In the previous posts I discussed how I went about building my SOA ‘Entity’ service for Products by using a combination of Java Web Services, Java EE and the CouchDB NoSQL database. In this final post in the series I’m going to leverage some of the technical assets that I’ve created and implement some new user stories using some popular SOA patterns.
My current Product Entity Service implementation is very business process agnostic, and therefore highly re-usable in any scenario where consumers want to discover or store Product information. However, as it stands the Product Entity Service is designed to be used within a trusted environment. This means that there are no restrictions on access to operations like Create, Update or Delete. This is fine within a strictly controlled corporate sandbox but what if I want to share some of my service operations or Product information with non trusted users?
Lets imagine that in addition to our in-house use of the Product Entity Service we also wanted to cater for the following agile ‘user story’…
It’s hard figuring out how to get a balance between agile development and strategic architectural goals, but its not impossible. It’s important to understand that you need both if you are to enjoy sustainable success over long periods. Too much emphasis on the here and now can result in brittle engineering. Whereas too much emphasis on pure engineering can often mean that not enough business value get’s delivered.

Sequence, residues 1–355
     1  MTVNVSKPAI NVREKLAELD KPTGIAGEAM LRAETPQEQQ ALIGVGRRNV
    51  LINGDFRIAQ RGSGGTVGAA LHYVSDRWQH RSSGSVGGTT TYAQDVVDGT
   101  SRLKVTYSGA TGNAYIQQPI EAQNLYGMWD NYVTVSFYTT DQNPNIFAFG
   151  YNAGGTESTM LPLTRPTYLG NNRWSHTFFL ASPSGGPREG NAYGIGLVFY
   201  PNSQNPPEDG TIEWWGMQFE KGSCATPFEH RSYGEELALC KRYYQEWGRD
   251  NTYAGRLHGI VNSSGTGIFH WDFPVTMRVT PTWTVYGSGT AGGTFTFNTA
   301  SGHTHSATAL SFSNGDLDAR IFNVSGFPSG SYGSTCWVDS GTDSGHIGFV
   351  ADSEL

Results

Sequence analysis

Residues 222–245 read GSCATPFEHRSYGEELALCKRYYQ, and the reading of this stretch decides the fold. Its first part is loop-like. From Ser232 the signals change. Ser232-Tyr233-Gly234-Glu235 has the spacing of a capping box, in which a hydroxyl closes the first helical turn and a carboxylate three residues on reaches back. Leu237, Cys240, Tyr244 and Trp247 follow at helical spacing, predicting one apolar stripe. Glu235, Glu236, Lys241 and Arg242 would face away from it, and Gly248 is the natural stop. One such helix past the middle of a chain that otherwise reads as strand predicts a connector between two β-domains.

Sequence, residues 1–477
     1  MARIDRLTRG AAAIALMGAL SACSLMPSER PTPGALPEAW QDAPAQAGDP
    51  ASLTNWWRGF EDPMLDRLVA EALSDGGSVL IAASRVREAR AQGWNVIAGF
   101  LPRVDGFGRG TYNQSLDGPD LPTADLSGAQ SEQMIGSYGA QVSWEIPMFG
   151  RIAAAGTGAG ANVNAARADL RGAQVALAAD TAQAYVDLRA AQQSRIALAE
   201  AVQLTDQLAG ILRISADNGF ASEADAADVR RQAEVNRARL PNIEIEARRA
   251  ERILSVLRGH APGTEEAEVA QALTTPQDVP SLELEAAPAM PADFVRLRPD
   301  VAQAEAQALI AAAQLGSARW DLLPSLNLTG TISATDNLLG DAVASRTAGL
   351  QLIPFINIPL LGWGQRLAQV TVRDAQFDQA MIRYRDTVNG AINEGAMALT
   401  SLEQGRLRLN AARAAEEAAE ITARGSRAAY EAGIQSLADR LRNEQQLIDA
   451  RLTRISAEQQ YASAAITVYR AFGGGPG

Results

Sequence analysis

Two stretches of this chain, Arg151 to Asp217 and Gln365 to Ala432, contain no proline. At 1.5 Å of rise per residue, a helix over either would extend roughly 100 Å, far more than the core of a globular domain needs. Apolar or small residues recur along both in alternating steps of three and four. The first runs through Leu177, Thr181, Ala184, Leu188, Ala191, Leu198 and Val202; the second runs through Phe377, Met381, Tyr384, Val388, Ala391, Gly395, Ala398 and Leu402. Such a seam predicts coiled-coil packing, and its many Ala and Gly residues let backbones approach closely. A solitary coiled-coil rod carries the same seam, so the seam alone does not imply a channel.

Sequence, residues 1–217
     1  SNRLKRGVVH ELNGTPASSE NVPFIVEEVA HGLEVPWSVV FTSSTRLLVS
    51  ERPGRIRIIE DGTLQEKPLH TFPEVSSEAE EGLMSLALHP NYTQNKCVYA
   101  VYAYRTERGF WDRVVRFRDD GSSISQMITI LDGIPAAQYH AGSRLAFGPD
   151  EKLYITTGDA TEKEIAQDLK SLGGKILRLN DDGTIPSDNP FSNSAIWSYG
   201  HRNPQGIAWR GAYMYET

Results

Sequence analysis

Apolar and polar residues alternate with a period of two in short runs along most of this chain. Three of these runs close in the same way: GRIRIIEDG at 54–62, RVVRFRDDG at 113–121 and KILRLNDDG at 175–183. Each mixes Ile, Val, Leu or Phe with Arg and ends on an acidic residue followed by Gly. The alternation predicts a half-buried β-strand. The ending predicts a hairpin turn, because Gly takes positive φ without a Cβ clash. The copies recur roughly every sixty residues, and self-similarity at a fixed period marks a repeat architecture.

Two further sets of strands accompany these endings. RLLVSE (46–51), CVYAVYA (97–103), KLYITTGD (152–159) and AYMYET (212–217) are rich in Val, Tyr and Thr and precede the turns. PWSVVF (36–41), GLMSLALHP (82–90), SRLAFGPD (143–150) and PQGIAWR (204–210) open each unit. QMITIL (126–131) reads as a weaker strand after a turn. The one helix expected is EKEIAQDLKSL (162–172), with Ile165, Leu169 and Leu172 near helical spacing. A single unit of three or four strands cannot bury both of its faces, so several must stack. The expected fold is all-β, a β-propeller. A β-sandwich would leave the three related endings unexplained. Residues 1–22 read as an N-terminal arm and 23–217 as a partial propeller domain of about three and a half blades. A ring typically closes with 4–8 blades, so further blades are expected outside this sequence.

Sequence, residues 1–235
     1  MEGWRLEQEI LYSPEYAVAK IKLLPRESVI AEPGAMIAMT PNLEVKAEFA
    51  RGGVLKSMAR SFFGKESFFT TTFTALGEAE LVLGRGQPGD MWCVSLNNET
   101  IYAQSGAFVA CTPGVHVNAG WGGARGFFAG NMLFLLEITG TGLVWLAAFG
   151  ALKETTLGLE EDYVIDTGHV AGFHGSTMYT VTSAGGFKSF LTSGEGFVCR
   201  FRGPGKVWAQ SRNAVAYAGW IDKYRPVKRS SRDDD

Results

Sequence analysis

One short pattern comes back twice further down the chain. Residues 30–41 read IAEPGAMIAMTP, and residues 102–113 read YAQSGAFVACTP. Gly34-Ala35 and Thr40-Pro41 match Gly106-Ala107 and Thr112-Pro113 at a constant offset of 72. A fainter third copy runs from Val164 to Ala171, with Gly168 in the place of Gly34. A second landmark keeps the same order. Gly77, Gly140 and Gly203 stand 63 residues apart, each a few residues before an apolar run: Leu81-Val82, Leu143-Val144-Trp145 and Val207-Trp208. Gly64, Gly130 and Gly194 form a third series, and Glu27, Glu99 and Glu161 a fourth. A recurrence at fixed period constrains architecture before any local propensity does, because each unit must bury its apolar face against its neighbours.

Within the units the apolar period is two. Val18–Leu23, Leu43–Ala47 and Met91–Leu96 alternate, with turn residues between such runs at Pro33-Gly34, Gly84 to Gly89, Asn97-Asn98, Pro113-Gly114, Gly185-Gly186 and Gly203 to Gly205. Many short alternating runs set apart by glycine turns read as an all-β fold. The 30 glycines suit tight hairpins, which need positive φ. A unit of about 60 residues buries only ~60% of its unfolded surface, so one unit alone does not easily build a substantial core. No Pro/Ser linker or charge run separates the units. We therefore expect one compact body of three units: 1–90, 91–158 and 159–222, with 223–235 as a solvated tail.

My advice is simple. Agile projects deliver functionality based on the requirements fed into the project as User Stories. The key to achieving harmony is to ensure you create user stories that capture both the functional and non-functional requirements of your project. Some agile authors refer to this as ‘building an architectural runway’ – the point being that its very bad to ‘run out of runway’ during take-off.
I realise that. In truth non-functional requirements are often better suited to the acceptance criteria of a story rather than being a story in their own right. However, when your running a programme of projects, committing to architectural evolution in this way will help you to ensure that you never get boxed into a corner. Your software should remain strong enough to support what you currently have, but will have enough headroom left over to accommodate any foreseeable requirements.